Friday, September 18th 2015
“We are very good at launching missiles – we must improve at launching ideas,” testified retired Admiral James Stavridis, now Dean of the Fletcher School of Law and Diplomacy at Tufts University. The former NATO Supreme Allied Commander is also Co-Chair of the U.S. Global Leadership Coalition’s National Security Advisory Council. In testimony before the Senate Appropriations Subcommittee for State, Foreign Operations and Related Programs on March 26, 2015, he bluntly stated, “My message to you today is direct. Now is the time to double down on smart power.”
The “global marketplace of ideas” is Public Diplomacy’s arena, and Public Diplomacy must place “competing ideas,” “visions of life,” “cultural initiatives,” “education,” and “ideology” at the center of our work.
I have had the unique opportunity to see both the global battlefield and the global marketplace of ideas. There is no doubt in my military mind that we face new, unconventional security threats that will continue to test our ability to out-think our opponents and confront brutal ideologies. * * * The United States has a very strong and capable military. No one can match us on the sea, in the air, and in ground maneuver. While there will continue to be a need for that hard military power, Mr. Chairman, we simply cannot lead without using other tools as well. Competitor nations, competing ideas, challenge us with dark and repressive visions of life.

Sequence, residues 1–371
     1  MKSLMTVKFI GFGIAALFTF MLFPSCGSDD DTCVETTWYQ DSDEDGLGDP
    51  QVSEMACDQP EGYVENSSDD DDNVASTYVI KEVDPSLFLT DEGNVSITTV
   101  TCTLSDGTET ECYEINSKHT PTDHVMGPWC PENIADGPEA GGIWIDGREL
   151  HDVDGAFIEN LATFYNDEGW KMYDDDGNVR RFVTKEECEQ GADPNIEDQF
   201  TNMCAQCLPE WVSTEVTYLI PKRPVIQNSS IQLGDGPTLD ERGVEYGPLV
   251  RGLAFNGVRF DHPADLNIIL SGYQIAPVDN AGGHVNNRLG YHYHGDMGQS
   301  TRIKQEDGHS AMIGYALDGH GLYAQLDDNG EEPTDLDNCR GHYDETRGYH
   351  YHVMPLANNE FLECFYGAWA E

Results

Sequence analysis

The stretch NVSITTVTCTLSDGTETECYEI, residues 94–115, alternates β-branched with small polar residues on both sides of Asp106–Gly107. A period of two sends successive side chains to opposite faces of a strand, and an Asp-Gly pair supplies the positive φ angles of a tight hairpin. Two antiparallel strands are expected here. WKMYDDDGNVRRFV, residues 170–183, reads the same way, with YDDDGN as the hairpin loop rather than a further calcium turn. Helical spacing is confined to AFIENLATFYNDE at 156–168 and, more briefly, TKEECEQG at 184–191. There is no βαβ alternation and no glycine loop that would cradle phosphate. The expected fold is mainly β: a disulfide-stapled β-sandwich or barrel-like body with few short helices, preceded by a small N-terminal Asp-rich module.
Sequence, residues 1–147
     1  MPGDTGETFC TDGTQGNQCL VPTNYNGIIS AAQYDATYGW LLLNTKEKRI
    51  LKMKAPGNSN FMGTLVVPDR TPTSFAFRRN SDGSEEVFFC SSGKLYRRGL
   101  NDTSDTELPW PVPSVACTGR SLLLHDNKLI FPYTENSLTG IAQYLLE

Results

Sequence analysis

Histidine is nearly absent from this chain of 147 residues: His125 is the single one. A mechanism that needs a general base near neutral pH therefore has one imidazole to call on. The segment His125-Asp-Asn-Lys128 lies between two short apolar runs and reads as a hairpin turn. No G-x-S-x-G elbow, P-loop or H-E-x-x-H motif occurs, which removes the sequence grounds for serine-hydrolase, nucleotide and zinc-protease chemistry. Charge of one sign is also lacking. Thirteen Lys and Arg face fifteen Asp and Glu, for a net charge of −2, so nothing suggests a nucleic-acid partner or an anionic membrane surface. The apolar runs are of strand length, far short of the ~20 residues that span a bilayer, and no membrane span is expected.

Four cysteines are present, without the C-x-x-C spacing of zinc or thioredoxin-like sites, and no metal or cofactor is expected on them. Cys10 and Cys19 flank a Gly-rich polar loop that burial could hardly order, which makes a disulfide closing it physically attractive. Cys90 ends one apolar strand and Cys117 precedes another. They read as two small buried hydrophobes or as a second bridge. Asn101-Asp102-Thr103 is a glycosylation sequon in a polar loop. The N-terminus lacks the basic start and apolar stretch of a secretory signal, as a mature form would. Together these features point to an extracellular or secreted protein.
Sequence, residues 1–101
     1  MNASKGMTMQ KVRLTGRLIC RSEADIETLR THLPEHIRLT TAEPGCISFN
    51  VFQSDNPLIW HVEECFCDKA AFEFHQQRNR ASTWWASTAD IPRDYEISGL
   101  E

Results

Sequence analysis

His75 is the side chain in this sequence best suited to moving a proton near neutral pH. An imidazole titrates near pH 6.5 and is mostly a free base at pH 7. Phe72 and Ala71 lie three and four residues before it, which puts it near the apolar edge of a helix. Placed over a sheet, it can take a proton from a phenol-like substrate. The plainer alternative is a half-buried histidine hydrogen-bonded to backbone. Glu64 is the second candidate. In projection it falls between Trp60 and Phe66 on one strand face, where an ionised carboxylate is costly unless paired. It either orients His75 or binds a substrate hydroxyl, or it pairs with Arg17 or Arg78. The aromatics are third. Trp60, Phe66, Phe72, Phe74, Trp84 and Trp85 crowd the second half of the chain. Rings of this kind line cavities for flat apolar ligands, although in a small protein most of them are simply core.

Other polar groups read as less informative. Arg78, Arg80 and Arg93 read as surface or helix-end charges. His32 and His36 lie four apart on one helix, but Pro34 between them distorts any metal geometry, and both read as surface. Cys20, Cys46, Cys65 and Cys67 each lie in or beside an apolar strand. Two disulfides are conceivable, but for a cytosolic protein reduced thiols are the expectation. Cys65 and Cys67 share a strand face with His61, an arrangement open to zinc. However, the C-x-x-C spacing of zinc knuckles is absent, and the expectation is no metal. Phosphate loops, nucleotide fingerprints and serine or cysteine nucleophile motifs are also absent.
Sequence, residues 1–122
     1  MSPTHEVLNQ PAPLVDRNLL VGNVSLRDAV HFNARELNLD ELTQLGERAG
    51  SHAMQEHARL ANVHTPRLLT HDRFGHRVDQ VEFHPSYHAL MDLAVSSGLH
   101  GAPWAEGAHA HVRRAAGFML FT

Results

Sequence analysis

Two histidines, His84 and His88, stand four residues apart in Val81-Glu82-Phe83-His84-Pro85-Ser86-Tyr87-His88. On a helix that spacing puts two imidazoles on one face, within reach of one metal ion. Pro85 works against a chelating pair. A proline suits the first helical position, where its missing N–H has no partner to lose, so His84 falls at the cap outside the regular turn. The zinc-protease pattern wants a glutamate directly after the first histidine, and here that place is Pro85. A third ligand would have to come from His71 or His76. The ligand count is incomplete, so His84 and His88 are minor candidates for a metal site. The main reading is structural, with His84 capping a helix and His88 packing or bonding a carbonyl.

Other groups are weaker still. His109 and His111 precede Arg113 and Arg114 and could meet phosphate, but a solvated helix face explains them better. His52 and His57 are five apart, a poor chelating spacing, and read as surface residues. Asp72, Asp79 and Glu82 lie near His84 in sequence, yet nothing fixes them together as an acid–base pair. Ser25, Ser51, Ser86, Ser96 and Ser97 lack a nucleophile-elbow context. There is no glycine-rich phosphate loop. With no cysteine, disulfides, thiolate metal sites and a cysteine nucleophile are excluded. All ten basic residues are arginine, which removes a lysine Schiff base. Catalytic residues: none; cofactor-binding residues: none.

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Let me close by commenting on one region in particular which threatens this stability, prosperity and peace: the Middle East. And In this regard, I urge you, from my vantage point as a military commander and now as a Dean in higher education that now is a time, as I said earlier, to double down on smart power. We need to bring the talent of this great nation, the development experts, the scholars, the diplomats together to enhance our understanding of this specific challenge. We shouldn’t be scaling back funding. We need to scale up funding.
Our goal should be state-of-the-art diplomacy and development. To do this, we need to support smart research, smart new diplomatic and cultural initiatives, working with our allies, to confront the ideology of those drawn to the fight. We need a sophisticated grounding on this ideology, a world view so different than our own, so that our efforts, in diplomacy, development and defense, can be successful.
We need hard power in the short term of course to face the spread of the Islamic State and support our allies. But we also need counter terrorist financing and effective intelligence. And for the long term, we need to support educational reform, intellectual development and opportunity.
Combining hard and soft power over time: That is smart power.